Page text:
I’ve often wondered how to convey the enormity of ninety pounds of chocolates. The stack of containers is misleading, because each container is only about 2/3 full, and the pile of boxes, while pretty, doesn’t really give you a sense of the sheer quantities involved.
Of course you can work out the calculations: most of the bonbons weigh .45 ounces apiece, and if you divide ninety pounds by .45 ounces, you get about 3000 chocolates. It is actually probably considerably more than that, considering that the fudges and caramels weigh slightly less, and the candied citrus peels even less. Figure 3,500 or so.
But those numbers are still hard to visualize, so I did a little experiment to make things a bit less abstract. First I filled a sheet tray with chocolates – one of those big, professional-bakery sheet pans, 18 x 26″, and got my friend Lieven to photograph them for me:
It turned out to hold a bit over three flavors. So ten sheet pans would hold nearly all the chocolates (some flavors, like the fudges, toffees, and caramels, had significantly more pieces than the bonbons on the tray).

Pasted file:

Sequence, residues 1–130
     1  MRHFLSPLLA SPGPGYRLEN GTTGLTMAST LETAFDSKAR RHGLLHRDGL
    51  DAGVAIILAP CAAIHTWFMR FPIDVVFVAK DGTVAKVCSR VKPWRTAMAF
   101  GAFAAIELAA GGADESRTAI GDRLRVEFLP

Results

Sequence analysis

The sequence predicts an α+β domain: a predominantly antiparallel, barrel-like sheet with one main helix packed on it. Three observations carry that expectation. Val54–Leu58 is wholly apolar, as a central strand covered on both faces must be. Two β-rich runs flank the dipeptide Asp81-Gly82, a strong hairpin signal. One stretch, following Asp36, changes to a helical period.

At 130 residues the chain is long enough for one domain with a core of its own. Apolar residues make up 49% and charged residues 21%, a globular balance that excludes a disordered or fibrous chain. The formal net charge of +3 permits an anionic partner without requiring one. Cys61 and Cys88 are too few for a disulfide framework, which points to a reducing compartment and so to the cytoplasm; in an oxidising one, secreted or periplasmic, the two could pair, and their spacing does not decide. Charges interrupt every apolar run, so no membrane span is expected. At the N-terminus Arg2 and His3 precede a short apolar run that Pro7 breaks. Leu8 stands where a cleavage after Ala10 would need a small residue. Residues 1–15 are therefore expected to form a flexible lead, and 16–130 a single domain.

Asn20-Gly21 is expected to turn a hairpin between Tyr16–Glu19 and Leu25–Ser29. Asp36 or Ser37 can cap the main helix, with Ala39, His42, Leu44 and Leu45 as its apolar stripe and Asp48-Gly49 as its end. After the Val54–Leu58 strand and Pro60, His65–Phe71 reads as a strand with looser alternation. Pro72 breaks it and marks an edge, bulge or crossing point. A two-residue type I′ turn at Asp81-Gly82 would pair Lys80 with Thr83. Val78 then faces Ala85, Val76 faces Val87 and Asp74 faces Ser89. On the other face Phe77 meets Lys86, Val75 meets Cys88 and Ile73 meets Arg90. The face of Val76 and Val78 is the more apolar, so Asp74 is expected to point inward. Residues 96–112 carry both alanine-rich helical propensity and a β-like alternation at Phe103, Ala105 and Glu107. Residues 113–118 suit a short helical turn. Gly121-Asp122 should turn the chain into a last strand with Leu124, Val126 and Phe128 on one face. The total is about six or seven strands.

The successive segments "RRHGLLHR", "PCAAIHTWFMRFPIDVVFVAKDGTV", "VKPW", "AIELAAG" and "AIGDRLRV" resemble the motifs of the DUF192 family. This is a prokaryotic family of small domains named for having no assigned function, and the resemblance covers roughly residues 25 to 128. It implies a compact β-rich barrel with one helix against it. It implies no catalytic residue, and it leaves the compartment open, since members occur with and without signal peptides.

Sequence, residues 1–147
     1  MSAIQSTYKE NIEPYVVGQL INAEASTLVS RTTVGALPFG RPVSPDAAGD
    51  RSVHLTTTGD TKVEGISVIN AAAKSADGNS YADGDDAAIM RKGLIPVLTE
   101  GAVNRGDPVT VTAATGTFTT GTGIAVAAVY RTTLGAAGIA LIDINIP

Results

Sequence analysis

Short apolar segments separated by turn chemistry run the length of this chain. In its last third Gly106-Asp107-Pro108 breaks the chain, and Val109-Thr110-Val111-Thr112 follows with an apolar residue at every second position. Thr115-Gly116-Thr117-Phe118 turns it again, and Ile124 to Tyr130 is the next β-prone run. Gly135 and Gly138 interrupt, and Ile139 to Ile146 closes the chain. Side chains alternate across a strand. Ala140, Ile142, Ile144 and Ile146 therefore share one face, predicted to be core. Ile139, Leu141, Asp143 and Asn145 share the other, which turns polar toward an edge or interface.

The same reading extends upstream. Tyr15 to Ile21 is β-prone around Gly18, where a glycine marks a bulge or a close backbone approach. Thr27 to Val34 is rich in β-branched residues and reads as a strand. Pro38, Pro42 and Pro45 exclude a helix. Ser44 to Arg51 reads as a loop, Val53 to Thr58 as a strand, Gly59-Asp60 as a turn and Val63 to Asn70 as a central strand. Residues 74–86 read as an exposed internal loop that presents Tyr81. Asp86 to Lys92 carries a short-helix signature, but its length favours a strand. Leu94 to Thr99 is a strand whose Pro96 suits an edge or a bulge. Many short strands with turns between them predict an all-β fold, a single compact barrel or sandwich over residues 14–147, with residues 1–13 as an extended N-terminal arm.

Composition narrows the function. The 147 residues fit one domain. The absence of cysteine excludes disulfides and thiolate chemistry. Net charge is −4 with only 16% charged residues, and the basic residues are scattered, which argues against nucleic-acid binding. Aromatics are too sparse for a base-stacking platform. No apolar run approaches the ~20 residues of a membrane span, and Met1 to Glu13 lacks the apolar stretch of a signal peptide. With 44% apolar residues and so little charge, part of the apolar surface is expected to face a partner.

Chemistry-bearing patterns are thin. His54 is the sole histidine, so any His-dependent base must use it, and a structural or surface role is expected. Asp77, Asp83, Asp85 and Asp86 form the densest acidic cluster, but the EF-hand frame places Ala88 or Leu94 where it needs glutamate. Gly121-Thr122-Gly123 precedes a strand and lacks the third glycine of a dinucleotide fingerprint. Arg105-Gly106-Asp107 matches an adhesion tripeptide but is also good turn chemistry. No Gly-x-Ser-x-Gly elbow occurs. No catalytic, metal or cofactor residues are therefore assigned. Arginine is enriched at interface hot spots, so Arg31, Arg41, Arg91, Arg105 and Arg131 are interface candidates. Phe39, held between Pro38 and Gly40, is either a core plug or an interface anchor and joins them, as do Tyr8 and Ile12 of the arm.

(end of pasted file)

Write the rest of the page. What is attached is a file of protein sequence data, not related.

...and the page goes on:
That was still hard to visualize, so I laid out three more sheet pans, which completely covered our dining room table (which seats six people):
Extrapolating, ninety pounds of chocolate is about 2.5 dining room tables covered in chocolates.
Or is it? About 15-20% of the chocolates were rejects, and didn’t make it to the sheet pans. Adding an extra twenty percent to cover the rejects adds another half-table, for a total of 12 big sheet pans or three dining room tables covered in chocolates.
All in all, quite a production.
Meanwhile, a different sense of scale:
Yep indeedy, them kittens be growing. (In another week or two, they’ll have doubled their weight since adoption!)